No feast has been more highly anticipated in our home than the Viking Feast. My husband can trace his Norwegian heritage all the way back to Harald Hardrade, the Norwegian King who was killed in 1066 in the Battle of Stamford Bridge….and beyond. My sons take great pride in their Viking blood.
My mother-in-law makes a pilgrimage to Wisconsin every year to eat Lutefisk. In olden-times, Norwegians ate a fish that was so hard and bony, they had to use Lye to soften it. I’m not sure how they make it now, but everyone says it is an acquired taste (i.e. it tastes horrible). Needless to say, we didn’t have that on the menu.
We do eat Lefse every Christmas, which is a tortilla-like Norwegian flat bread spread with butter and brown sugar. I didn’t have that on hand for this feast, and I doubt it was around in Viking times anyway.
We did not have costumes for this feast, either. Sorry! The white sheets used in our Egyptian Feast, Greek Feast and Roman Feast could not be adapted for the purpose, and we didn’t have time to pull anything else together.
My Vikings enjoyed this feast. We used or Hnefetafl Board as a centerpiece.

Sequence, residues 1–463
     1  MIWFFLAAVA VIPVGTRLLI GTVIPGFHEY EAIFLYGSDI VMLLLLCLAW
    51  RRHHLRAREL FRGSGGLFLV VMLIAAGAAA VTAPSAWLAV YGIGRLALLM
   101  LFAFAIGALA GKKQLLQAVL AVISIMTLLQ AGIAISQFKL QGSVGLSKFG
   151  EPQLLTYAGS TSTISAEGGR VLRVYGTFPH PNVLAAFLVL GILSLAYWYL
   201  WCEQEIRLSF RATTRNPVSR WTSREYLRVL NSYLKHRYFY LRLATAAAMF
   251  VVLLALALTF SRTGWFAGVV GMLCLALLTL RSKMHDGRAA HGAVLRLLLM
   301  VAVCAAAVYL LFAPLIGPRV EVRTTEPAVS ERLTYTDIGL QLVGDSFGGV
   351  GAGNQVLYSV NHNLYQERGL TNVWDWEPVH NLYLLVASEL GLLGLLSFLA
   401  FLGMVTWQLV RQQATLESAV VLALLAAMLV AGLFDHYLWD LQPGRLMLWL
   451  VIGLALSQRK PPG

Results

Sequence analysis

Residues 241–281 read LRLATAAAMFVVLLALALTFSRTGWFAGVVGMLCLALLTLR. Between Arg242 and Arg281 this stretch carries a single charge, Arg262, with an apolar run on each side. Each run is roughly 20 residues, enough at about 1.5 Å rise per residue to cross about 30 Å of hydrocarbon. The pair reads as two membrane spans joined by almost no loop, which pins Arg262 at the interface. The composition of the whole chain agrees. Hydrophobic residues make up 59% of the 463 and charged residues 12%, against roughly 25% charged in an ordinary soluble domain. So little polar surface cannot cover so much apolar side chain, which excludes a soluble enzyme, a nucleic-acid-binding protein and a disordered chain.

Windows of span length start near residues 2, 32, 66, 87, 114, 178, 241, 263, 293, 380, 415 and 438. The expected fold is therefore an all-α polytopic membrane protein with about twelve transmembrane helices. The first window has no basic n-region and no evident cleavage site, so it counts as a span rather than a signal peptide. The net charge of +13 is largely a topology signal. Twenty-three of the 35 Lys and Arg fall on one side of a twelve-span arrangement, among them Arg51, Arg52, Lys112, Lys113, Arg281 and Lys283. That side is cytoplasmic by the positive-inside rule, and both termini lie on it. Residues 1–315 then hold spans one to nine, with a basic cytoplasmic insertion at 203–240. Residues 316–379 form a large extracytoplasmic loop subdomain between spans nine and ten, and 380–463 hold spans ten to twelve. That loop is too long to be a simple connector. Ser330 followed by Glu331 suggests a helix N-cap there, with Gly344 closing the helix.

Want to know what we did have? Keep reading for the menu and recipes. I relied heavily on The Viking Answer Lady and on a PDF file from Tjurslakter titled Viking and Anglo-Saxon Recipes for my information about what people ate during Viking Times, as well as for some of these recipes.
We learned that Vikings typically only ate twice a day, morning and evening, and their fare was simple.
non-alcoholic, homemade Mead
Rye bread with salted butter
Norwegian pancake with berry sauce
Stewed fruits with yogurt
The children wanted to taste Mead, so I searched the internet for a non-alcoholic version. I found a few. Here’s the recipe I used, taken from the Group Recipes site:
4 cups water
1 cup honey
1/2 tsp. nutmeg
1/2 tsp. ginger
1/4 tsp. cinnamon
The instructions said to boil this but I was in a rush, so I did it in the microwave. It turned out fine. I put the water, honey and spices into a dish and heated it until it boiled. Stir in the honey until it dissolves, and squeeze the lemon into it. The instructions I found said you can also use orange slices, and that the drink should be cooled and strained. We did not strain it, and we drank it warm. It was yummy!
Easier Mead alternatives
Another recipe that sounds even simpler called for 2 parts apple juice, 4 parts honey and 6 parts water. Mix in a pan, bring to a boil and let simmer for half an hour, then cool and strain.
Research indicated that the Vikings also drank herbal concoctions. Chamomile or Rose hip tea might be a good choice.
For the stewed beef, I simply put chunks of stew meat into my crock pot, along with some root vegetables and onions. My kids like carrots, but turnips or parsnips would also do. I added a bit of water and a couple packages of stew flavoring, and set it on low for several hours.